Telomeres. One of the many examples of noncoding DNA that is not junk. Sandwalk‘s Larry Moran describes these sequences at the end of the eukaryotic chromosomes that help protect against degradation and loss of information when the chromosomes are copied as part of a series on junk DNA and the organization of mammalian genomes.

Angiotensin-(1-7). Possible anti-cancer drug? Scicurious reports on this vasodilating peptide hormone which has the ability to inhibit the growth of lung cancer cells.

Passenger pigeons. Wait a minute, aren’t those extinct? Pinguinus over at Great Auk – or Greatest Auk? did a bit of reading about these birds and proposes that if billions of them were still alive today, they would have a significant ecological impact.

Where do you want to go next?
Back to the clearing.
Back to the ship.

* * *
4) Take the machete and carve your own path.

The blade feels light in your hand as you swing it toward some dense leaves. As you make your way through an uncharted part of the island, some things catch your eye…

Like plants. As Bora Zivkovic writes in A Blog Around The Clock, the whole field of chronobiology was started with plants when a French astronomer noticed the daily opening and closing of leaves of a heliotrope plant.

And 10,000 Birds. Well, at least one bird anyway. Mike Bergin shows us Winnie the Whimbrel, a champion flier that set a new record by covering 3,200 miles in under a week.

There’s incredible biodiversity in the world. Nick Sly explains on Biological Ramblings, there were at least 130 new vertebrate species described in the first five months of 2008 alone.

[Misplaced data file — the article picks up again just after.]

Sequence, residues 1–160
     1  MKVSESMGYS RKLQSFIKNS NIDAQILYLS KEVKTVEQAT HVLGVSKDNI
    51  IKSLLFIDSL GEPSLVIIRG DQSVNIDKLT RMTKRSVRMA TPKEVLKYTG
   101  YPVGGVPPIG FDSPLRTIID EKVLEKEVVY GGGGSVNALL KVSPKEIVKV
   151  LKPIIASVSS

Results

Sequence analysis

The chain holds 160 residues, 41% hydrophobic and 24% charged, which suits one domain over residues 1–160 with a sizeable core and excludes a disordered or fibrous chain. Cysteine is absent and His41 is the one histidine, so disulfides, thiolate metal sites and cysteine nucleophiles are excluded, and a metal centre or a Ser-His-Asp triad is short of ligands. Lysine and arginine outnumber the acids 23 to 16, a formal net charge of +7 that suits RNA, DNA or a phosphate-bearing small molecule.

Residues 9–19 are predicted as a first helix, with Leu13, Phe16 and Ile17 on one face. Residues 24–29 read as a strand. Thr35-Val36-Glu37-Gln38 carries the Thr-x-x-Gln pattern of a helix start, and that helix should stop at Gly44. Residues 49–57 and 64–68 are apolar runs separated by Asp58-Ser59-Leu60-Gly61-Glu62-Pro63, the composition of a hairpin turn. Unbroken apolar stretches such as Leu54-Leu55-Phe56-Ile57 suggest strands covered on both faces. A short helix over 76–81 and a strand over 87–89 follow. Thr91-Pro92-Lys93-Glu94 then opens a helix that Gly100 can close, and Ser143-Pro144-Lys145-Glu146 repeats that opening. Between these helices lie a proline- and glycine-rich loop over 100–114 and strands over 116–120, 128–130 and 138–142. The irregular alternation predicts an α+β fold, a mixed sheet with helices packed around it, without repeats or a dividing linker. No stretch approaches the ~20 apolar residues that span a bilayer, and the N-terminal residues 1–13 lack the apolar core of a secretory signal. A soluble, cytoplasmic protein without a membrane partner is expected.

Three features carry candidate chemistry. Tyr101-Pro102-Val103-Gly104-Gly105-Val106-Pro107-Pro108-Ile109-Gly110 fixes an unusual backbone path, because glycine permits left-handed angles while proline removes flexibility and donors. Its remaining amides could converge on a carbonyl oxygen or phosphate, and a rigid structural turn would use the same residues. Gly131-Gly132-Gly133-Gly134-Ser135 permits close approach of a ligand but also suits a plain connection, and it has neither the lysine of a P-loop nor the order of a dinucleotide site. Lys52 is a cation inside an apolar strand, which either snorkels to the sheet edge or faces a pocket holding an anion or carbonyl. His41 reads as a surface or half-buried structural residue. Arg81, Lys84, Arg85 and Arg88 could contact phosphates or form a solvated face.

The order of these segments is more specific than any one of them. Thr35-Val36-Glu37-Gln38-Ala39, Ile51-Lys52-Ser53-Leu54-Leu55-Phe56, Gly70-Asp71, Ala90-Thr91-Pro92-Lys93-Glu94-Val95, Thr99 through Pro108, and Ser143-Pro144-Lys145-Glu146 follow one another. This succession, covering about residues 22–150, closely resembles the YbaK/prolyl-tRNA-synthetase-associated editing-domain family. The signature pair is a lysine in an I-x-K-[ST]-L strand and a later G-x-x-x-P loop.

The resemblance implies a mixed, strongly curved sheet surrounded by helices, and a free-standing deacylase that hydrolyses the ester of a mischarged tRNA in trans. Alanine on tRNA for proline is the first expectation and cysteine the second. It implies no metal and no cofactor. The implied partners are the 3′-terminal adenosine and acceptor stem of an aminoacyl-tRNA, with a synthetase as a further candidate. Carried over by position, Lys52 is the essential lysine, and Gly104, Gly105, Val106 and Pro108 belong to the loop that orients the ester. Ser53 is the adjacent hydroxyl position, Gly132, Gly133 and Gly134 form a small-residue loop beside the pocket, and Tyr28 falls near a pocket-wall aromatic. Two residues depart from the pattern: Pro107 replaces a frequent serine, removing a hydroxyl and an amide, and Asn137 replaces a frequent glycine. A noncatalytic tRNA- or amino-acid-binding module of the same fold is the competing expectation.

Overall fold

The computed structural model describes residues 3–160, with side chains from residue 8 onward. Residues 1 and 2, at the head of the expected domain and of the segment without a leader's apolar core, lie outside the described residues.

Observing animals out in the wild is nothing like that of captivity. So why have zoos? In Zoo-ology, James Cambias at Science Made Cool explores the reasons and problems behind these animal jails.

Larry Ferlazzo has found an interesting web application called Wild Sanctuary which includes audio of wildlife in specific places.

After hours of hacking away at the undergrowth, your arm is a bit tired. Where do you want to go next?
Back to the clearing.
Back to the ship.

* * *
5) Go back to the ship. You had wanted to see Easter Island instead.

As you board the cruise ship again, you bump into Bubba, the cha-cha instructor. He gives you a repressive glare. “You didn’t want to explore the island?”

You answer in the negative.

“We’re not even coming a hundred miles of Easter Island,” Bubba says incredulously. “You really are missing out on this island’s unique charms. And you have a whole day to explore! I know you don’t want to learn how to dance. So go, out!”

He pushes you back to the island.

* * *
6) Head back to the ship.

As the ship departs, you saunter back to your cabin and glance at the itinerary that had before looked so dull. You notice something that you didn’t remember reading previously. Ah, you’ll be arriving at the next Tangled Bank on June 25, located at the next port-of-call, Wheatdogg. There’s a guided tour included! You can even submit suggestions for places to visit to the event planner at pzmyers@gmail.com.